Nikolai Gogol’s short story, formed of a series of diary entries, charts the descent into madness of an ordinary civil servant, whose observations on the power-holders within his experience appear to be the catalyst for his fall. In this new adaptation by Living Pictures Productions, Robert Bowman delivers a riveting performance as Poprishchin which rarely pauses for breath. Though the character complains that theatre critics only look to tear things to pieces, Bowman himself should have nothing to fear.
Bowman’s development of his character is sensitively portrayed and makes his ultimate confusion deeply affecting
Establishing his character by means of some hilariously contorted expressions, and pauses which are slightly too long for comfort, the actor soon warms to his well-oiled delivery. He is so absorbed in recounting his tales that for a moment it is dubious whether we, being addressed directly, are actually truly present or whether Poprishchin is already speaking to an alternative version of himself. Key moments of Gogol’s text are underlined by the sensitive direction of Sinéad Rushe by means of intermittent musical cues and physical marks on the stage, which eventually work their way onto Bowman’s body and are each symbolic of a particular moment or memory.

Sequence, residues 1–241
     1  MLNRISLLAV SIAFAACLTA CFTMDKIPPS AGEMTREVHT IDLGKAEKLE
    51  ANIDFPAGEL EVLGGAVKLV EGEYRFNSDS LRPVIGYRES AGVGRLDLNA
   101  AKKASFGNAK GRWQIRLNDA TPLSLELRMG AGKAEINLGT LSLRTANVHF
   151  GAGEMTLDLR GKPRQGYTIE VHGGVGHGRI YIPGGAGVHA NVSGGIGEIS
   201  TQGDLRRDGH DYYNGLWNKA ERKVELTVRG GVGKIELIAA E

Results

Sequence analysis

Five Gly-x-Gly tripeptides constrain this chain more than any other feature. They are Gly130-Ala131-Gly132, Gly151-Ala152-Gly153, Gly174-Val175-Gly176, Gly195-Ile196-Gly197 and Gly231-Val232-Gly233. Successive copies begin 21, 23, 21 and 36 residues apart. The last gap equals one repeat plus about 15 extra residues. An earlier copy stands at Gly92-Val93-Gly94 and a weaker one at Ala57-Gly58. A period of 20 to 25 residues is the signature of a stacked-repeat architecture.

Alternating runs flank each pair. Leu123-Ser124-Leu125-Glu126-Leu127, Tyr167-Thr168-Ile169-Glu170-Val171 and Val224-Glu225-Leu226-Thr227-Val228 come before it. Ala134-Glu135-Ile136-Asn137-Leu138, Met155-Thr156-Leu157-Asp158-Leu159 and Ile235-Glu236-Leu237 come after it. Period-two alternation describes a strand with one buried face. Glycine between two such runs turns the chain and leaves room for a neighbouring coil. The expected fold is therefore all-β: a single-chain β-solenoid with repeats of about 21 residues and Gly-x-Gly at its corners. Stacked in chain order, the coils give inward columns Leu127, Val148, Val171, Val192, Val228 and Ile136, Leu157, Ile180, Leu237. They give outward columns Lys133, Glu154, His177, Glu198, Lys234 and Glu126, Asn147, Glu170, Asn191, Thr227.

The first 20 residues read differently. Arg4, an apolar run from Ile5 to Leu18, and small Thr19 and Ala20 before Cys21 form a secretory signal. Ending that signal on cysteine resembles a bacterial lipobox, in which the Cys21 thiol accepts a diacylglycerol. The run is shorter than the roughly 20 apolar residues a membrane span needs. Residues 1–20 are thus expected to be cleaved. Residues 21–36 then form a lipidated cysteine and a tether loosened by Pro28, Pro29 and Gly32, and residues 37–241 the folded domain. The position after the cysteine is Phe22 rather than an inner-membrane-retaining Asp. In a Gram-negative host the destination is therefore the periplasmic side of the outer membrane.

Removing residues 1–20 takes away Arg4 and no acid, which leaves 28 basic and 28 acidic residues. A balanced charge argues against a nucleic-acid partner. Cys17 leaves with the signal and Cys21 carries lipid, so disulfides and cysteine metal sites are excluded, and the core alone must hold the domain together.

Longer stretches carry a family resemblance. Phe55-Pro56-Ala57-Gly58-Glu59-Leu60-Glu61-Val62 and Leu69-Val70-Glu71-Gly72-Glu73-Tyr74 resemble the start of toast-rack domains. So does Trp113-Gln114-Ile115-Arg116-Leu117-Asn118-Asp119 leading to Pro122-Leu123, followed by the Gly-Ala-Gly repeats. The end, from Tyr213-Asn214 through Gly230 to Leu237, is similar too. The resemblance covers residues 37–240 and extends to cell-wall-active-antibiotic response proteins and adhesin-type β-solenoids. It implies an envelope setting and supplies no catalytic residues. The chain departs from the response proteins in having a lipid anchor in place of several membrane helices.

The piece may well be read as a criticism of people in higher authority and of the detrimental impact the trickle-down of their decisions have on the people beneath. Poprischin ruminates bitterly that they will sweep away any potential crumbs of happiness that find their way to the lower classes. Our disposition towards sharing the character’s views is greatly improved through our continual delight in his endearing mannerisms and Bowman’s delightfully executed comic timing. Accordingly, we will on our protagonist to achieve his overly ambitious love designs, which maintain a sense of impossibility no matter how much we want them to be true. In this respect, Gogol’s satire is made to appear all too regrettably accurate.
The staging itself limits Poprishchin to a relatively confined space within which to operate, but it doubles as a visual manifestation of his state of mind as pieces of decking are upturned and removed, before the structure in its entirety is ripped apart and reconfigured in accordance with the climax of the character’s despair. Having taken such care with his audience throughout, Bowman’s development of his character is sensitively portrayed and makes his ultimate confusion deeply affecting.
Some of the captivating power of Gogol’s monologue is perhaps reduced in a section where Poprishchin joins the audience. However, these appeals to an audience on the same level suggests that, in some way, we might share a common ground with him, or be at risk of the whims and excesses of the higher authorities – even if to do so might eventually drive us to madness.
A deeply thought-provoking show.